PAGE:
Babble’s Closure Blamed On Disney+
Recently Disney announced they are closing down their parenting blog “Babble.com”, saying:
For everything there is a season, and after more than a decade of serving as a community and resource for parents, Babble will be saying goodbye.
To all the moms, dads, family, friends, writers, and readers who supported us – thank you.
We are so grateful for the time spent sharing your stories and your lives, through all the ups and downs of raising tiny humans.
And according to TechCrunch, Disney’s new streaming service, Disney+, is being blamed for the closure. A Disney spokesperson told them:
“As Disney Digital Network evolves to support the launch of Disney’s upcoming streaming service, Disney+, Babble.com ceased to update editorial content as of December 14, 2018. For fresh Disney-themed family crafts, recipes and activities, visit Disney Family at disney.com/family. For authentic parenting news, stories and videos, visit GoodMorningAmerica.com/Family.”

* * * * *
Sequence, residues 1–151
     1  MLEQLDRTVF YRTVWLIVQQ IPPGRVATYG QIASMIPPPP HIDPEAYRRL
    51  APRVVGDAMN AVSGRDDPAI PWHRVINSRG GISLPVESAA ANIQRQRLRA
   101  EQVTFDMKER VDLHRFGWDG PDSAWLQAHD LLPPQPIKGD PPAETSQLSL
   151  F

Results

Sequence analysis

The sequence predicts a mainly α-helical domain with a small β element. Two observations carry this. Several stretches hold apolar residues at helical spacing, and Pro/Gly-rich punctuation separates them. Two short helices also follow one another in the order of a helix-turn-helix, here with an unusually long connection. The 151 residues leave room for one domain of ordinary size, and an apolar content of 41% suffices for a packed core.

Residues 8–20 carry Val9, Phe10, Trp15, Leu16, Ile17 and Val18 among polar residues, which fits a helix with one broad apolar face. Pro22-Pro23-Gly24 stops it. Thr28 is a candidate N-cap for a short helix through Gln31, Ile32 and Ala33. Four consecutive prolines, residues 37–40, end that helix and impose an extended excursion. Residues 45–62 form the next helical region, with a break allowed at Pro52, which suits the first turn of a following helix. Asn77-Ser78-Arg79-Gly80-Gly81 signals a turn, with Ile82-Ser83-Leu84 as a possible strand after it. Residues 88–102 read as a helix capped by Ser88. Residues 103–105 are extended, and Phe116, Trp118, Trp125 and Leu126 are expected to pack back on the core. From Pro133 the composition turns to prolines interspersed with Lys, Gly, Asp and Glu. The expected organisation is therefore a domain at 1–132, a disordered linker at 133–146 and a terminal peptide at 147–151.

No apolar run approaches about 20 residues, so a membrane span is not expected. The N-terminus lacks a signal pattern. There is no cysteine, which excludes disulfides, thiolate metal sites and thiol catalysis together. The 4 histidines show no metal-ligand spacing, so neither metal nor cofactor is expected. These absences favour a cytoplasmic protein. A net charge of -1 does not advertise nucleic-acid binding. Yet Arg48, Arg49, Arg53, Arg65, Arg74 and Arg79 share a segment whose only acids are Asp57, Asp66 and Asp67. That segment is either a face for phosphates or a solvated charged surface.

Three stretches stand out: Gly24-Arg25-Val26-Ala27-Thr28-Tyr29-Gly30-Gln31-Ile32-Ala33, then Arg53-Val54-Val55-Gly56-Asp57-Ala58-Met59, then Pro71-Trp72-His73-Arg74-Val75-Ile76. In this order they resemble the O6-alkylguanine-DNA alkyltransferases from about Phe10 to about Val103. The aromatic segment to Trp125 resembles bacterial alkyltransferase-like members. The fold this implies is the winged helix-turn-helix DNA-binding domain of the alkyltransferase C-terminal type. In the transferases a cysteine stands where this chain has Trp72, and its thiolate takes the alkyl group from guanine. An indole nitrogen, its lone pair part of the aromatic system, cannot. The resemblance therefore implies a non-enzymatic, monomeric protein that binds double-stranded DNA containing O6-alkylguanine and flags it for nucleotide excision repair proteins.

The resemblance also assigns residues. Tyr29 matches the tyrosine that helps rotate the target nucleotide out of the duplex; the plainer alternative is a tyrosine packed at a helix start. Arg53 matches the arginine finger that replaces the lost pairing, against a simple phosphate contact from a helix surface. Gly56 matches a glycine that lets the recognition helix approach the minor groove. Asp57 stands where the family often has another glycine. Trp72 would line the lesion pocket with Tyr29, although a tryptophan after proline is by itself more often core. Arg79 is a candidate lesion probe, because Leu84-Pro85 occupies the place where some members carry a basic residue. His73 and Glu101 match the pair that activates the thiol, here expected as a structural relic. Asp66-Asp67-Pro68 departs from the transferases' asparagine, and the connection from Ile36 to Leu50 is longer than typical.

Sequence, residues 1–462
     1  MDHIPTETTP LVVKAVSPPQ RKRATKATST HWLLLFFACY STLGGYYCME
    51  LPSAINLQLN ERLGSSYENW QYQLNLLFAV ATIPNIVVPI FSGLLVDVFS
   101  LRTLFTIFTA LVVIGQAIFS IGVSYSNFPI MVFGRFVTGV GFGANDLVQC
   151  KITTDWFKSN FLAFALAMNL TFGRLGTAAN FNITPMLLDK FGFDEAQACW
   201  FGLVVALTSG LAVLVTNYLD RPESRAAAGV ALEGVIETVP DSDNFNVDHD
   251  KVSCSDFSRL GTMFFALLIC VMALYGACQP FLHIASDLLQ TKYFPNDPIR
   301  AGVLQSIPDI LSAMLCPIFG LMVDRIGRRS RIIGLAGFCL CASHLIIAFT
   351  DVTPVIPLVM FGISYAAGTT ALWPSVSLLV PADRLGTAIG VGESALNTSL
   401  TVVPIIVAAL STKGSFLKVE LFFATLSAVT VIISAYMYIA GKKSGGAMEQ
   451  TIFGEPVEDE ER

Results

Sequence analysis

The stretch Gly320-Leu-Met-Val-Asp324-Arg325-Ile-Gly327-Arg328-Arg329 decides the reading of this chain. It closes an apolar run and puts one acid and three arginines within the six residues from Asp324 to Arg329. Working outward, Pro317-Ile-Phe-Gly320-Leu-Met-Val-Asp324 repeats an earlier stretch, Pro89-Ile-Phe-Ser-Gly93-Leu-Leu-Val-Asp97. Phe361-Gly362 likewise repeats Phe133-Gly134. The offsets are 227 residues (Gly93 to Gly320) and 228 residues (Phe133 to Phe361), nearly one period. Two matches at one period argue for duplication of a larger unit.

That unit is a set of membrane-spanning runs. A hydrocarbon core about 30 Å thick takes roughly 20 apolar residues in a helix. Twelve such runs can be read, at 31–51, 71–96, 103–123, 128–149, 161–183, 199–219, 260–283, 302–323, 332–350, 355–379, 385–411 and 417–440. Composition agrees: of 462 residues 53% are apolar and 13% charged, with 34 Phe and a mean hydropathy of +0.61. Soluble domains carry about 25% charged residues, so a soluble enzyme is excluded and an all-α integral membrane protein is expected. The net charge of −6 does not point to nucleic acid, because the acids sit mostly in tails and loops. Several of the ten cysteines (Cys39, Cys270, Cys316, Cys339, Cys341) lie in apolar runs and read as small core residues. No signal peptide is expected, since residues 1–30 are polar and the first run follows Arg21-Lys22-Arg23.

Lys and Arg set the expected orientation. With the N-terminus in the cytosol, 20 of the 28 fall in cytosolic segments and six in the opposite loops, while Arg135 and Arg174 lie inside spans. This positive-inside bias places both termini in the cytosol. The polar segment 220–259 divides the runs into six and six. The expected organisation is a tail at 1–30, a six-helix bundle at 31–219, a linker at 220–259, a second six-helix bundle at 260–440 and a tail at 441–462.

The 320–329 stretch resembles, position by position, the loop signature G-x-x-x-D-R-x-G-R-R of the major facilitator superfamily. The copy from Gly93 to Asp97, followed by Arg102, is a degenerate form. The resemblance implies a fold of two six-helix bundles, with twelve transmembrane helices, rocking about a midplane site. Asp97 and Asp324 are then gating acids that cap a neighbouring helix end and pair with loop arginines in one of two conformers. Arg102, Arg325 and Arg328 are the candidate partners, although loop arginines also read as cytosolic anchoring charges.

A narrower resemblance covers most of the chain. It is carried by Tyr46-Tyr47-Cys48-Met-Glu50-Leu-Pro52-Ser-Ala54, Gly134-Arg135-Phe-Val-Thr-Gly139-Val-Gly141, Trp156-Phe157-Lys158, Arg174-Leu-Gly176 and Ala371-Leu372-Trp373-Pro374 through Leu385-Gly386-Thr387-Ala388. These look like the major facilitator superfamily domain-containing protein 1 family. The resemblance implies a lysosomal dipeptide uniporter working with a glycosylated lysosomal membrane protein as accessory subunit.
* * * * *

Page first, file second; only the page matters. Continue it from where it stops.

Disney purchased Babble back in 2011 for a reported $40 million, having originally launched in 2006. But the website hasn’t been able to remain its steady growth it once had, especially as readers turn to other sites and social media.
Disney can be pretty ruthless when it comes to closing down companies or projects, that aren’t performing. Especially within the digital area, such as closing down its internal video game business including titles like Disney Infinity and most recently, Club Penguin. They’ve also been making major changes to the YouTube centric “Maker Studios” by merging it into the Disney Digital Network, which saw Disney drop huge numbers of content creators and staff, before moving this unit within the Walt Disney Direct-to-Consumer and International division.
My Take: Disney+ is being cited as the main reason for the closure does seem odd, it’s a completely different business to a streaming service. Cutting down costs or just selling it on, would make more sense than just closing it completely since it still has a audience and regular visitors. It could simply be that Disney isn’t making enough money on the project to make it viable anymore, but it seems a shame it couldn’t live on elsewhere. But if the site has made back its initial investment since 2011, it might not be seen by Disney as a total rightoff. Hopefully the team will be put onto other projects, especially if their knowledge could create new video content for Disney+.
Why do you think Babble closed?